After a 15-year studio hiatus, Extreme crashes back onto the rock scene with ‘Six,’ a beast of an album that’s not just a comeback but a full-blown rock revolution. It’s heavy, man, packed with the kind of massive, face-melting riffs that remind you why you fell in love with rock ‘n’ roll in the first place. This album is a milestone in their journey, perfectly blending their legendary past with a fresh, raw energy that’s electrifying.
Nuno Bettencourt is more than a guitar prodigy; he’s a six-string sorcerer, conjuring riffs that are nothing short of supernatural. And Gary Cherone? The guy’s a dynamo on stage, a frontman who grabs the crowd by the soul and doesn’t let go. I’ve been front and center for their shows three times this year, and let me tell you, each performance is a high-voltage rock ‘n’ roll ritual.
The rhythm duo of Pat Badger on bass and Kevin Figueiredo on drums isn’t just laying down the beat; they’re laying down the law, driving the band’s sound with a potency that’s downright otherworldly. Put these four guys together, and you’ve got more than a band; you’ve got a force of nature, a rock tsunami that sweeps you off your feet.
‘Six’ is Extreme’s declaration of rock immortality. It’s not just a nod to their roots; it’s a thunderous leap forward. They’ve taken their rich musical heritage, juiced it up with modern vigour, and unleashed something spectacular. If this album is a statement, then it’s a loud, clear, and unapologetic proclamation: Extreme is here, louder, prouder, and heavier than ever.
But let’s not get too carried away here. The packed house wasn’t just buzzing for the fresh cuts off ‘Six,’ even though we got a hefty serving of the new stuff. We’ve got to tip our hats to the unsung hero, ‘Three Sides to Every Story.’ This gem got the short end of the stick from their record label and got blindsided by the grunge wave, but it was the killer sequel to ‘Pornograffitti.’ You could even call it the ‘Operation Mindcrime’ of 90’s hair/ glam metal – a masterpiece that outshone anything their peers were dishing out at the time. They did this unsung hero justice with fiery renditions of ‘Cupid’s Dead’ and ‘Am I Ever Gonna Change,’ plus the ever-popular ‘Rest in Peace.’ I would’ve loved to hear a few more from that album,.but hey, they had to carve out room for six massive tracks from ‘SIX.’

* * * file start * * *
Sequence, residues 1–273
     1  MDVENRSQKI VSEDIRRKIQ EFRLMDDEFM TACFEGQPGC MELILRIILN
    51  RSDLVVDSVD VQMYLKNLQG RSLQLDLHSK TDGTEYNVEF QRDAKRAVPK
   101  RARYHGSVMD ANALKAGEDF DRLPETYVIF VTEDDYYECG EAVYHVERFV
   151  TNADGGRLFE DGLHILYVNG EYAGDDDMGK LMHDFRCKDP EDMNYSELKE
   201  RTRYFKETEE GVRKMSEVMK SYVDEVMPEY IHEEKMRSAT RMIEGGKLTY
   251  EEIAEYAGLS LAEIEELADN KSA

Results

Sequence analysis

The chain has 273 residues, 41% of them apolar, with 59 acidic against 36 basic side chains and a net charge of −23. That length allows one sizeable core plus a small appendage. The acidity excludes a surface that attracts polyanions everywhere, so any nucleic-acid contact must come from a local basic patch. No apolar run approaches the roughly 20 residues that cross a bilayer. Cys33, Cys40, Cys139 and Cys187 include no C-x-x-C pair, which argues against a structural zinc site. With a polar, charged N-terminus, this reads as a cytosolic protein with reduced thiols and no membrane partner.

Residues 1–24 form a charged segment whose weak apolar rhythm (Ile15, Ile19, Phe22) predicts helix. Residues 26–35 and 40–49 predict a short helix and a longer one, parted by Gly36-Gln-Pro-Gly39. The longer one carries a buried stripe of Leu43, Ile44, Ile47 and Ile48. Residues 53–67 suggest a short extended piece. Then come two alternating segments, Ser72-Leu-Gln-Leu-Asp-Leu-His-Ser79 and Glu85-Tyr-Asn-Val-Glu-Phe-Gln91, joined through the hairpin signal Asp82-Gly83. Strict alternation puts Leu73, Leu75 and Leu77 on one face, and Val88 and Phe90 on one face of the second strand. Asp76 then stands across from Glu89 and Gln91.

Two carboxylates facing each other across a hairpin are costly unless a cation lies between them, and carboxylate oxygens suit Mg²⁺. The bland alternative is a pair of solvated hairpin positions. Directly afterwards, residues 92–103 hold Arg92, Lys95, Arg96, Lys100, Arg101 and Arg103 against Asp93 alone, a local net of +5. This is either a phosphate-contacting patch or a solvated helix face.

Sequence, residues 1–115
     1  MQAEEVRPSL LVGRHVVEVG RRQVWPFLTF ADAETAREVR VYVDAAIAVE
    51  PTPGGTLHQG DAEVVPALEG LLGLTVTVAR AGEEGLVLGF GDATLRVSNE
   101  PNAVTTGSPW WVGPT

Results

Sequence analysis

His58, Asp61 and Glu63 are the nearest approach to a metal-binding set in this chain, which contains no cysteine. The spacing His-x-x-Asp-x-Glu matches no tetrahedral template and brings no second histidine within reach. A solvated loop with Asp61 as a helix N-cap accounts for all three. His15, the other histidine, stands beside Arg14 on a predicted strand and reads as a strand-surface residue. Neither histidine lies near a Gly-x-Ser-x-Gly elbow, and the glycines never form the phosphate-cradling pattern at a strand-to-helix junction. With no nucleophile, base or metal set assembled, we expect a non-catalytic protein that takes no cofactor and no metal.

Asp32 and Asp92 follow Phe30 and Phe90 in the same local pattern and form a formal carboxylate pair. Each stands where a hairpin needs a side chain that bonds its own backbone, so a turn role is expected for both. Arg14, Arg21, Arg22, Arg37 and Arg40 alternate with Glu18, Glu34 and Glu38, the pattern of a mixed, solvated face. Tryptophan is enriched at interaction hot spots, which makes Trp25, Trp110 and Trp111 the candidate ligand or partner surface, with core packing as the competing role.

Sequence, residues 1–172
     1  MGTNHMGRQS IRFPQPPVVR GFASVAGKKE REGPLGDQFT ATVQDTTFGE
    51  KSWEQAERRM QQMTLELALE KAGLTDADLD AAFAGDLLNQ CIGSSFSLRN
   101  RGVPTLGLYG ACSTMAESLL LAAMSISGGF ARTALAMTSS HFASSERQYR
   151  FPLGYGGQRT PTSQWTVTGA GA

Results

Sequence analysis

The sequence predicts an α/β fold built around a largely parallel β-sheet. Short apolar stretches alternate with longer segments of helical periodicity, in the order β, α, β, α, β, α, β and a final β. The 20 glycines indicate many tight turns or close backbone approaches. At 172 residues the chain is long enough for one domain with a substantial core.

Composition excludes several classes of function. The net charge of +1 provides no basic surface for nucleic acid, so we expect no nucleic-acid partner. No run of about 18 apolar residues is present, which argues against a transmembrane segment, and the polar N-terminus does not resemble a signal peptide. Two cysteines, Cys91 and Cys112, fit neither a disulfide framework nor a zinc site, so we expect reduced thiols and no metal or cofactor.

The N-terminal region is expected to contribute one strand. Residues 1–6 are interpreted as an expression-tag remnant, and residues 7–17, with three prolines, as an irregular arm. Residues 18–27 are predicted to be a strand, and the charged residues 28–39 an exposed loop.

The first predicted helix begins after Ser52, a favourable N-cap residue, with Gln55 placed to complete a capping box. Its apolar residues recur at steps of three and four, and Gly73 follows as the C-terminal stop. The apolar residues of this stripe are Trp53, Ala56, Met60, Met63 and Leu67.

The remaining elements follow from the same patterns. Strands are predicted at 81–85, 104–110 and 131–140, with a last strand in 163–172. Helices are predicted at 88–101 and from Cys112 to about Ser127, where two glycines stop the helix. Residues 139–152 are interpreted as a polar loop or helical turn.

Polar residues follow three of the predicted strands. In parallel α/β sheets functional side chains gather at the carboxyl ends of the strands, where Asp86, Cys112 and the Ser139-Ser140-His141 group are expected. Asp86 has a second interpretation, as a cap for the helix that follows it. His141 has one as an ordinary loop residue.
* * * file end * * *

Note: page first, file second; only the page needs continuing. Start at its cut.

‘Thicker,’ ‘Banshee,’ ‘#Rebel,’ ‘Hurricane,’ and the climactic encore with ‘Rise’ – each track a testament to Extreme’s relentless energy. But let’s zero in on ‘the solo’ from ‘Rise.’ This isn’t just a run-of-the-mill guitar solo; it’s a seismic event, the kind that hasn’t shaken the rock world since the era of Eddie Van Halen. It’s an absolute monster, snagging solo of the year – and for good reason.
Here’s where it gets tricky. With shredding of this magnitude, it’s a Herculean task to keep the songs themselves in the spotlight. Yet, Extreme manages to do just that. The solo in ‘Rise’ isn’t just a dazzling display of technical prowess; it’s an integral part of the track, woven in seamlessly. It’s about maintaining the essence of the song, ensuring that even with such jaw-dropping guitar work, the core of the track isn’t lost. It’s a balancing act, and Extreme walks this tightrope with the skill of seasoned rock veterans, proving that even amidst the most mind-blowing shredding, the song can, and does, remain king.
Other highlights in the set were a sludgy version of ‘Kid Ego,’ which made it much heavier, ‘Decadent Dance’ holding up nicely, and of course the hits ‘Hole-Hearted’ and a tender sing-along moment with ‘More Than Words.’
All in all, I can’t remember the last time I saw a band make a comeback with such energy, musicianship, and one hell of a solid album to tie it all together. Extreme took us back to the ’90s, but they catapulted us into 2023 with just the right amount of funk, sonically bombastic riffs, soaring vocals, bookended with emotion, and some of the finest shredding this side of the millennium.